Journalist Muhammad Bekzhon, better known as ‘Bekjanov’, played a leading role in voicing dissent in
Because of the crackdown on dissidents, Bekjanov fled to the
Bekjanov’s brother, Rashid Bekzhon, was arrested alongside him and another brother, Komil Bekzhon, a farmer with no known political connections, disappeared in May 1999. After his imprisonment, Bekjanov’s wife fled to the
In August 1999, Bekjanov was sentenced to 15 years in prison, convicted ‘of publishing and distributing a banned newspaper containing slanderous criticism of President Islam Karimov; participating in a banned political protest; and attempting to overthrow the regime. In addition, the court found them guilty of illegally leaving the country and damaging their Uzbek passports.’ After his trial, Bekjanov was reportedly transferred to the ‘strict-regime’ Penal Colony 64/46 in Navoi. More recent information shows that in 2005 he was placed in the Prison Colony 64/62 in Kagan.
There have been serious concerns over Bekjanov’s health while in prison. He has lost considerable amounts of weight and suffered from malnutrition. Relatives who visited in early 2001 claim to have been alarmed by his state of health and reported that he required crutches. In 2003, Bekjanov was interviewed for the first since his imprisonment by the Centre for War and Peace Reporting and the Associated Press in the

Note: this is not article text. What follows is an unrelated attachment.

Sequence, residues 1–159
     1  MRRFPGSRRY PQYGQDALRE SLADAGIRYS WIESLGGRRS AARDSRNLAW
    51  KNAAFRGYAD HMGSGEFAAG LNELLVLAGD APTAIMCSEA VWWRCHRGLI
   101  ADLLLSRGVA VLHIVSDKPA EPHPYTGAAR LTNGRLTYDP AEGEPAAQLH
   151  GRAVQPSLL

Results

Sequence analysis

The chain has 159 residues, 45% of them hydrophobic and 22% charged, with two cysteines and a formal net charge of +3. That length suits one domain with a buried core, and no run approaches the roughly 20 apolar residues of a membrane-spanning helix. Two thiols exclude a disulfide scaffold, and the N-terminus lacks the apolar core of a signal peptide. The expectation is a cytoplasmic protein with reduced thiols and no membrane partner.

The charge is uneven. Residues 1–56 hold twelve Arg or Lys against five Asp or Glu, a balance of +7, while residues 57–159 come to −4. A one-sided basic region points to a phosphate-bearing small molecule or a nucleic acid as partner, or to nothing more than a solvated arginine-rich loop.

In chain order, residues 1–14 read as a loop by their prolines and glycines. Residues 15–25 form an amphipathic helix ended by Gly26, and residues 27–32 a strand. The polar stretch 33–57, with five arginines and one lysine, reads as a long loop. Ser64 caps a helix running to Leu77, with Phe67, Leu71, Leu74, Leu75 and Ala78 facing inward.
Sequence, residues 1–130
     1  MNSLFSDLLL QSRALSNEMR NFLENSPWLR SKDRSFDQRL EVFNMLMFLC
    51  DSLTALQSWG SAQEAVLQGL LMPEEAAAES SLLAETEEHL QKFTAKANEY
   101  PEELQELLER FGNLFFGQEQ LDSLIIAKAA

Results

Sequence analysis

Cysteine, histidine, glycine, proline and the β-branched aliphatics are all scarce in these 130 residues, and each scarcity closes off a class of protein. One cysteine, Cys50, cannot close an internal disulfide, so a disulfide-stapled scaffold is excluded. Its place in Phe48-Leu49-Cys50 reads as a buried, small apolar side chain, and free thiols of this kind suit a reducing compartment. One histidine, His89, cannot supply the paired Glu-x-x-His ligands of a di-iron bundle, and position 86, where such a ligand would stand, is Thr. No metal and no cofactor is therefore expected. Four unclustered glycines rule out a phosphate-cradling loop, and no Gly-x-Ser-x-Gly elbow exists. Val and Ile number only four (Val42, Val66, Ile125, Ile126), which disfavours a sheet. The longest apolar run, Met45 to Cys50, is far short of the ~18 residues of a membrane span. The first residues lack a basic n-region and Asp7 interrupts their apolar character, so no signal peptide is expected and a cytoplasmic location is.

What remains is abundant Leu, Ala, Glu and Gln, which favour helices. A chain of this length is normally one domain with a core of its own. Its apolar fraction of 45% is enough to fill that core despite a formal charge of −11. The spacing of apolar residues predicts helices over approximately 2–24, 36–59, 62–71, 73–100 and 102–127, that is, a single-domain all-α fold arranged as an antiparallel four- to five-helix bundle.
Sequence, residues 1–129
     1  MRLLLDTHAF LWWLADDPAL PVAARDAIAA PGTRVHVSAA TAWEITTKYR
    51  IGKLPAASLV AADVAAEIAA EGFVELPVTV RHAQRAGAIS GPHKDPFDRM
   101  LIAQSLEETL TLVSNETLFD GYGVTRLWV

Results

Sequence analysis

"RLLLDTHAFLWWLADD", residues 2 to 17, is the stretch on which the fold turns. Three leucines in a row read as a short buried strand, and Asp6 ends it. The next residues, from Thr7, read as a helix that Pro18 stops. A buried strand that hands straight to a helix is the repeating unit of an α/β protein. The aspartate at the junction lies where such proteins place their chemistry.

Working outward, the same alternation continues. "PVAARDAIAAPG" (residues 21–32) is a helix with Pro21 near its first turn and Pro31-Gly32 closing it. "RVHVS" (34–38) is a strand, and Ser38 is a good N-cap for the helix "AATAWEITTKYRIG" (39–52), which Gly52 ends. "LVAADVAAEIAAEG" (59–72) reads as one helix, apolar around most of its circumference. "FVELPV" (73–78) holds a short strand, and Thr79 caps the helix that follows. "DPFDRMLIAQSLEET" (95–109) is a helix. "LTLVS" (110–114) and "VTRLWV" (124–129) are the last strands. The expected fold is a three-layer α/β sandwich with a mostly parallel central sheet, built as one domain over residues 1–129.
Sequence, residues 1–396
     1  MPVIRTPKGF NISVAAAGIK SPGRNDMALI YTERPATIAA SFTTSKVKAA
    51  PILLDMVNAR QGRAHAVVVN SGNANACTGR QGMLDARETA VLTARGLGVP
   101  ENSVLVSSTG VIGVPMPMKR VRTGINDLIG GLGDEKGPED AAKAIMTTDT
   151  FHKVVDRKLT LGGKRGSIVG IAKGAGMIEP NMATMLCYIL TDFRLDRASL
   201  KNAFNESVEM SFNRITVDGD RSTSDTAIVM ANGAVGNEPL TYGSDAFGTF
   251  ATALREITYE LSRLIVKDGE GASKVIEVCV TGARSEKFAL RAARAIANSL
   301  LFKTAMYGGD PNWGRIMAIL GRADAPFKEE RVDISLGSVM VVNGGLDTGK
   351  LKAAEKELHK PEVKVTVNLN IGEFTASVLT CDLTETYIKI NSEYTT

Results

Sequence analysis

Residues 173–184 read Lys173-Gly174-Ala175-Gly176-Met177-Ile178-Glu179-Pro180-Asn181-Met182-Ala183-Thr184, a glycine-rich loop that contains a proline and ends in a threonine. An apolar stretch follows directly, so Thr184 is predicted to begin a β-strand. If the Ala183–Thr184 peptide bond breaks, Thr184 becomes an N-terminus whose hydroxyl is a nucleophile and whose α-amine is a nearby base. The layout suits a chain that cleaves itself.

Bekjanov’s case is representative of the continuing constant attacks faced by independent journalists and writers in
Bekjanov is an Honorary Member of English PEN, Canada PEN and American PEN.
Sources include: International and American PEN, the Committee to Protect Journalists (CPJ) and the World Association of Newspapers (WAN).
Originally posted with the url: www.englishpen.org/writersinprison/prisoners/muhammadbekzhonbekjanov/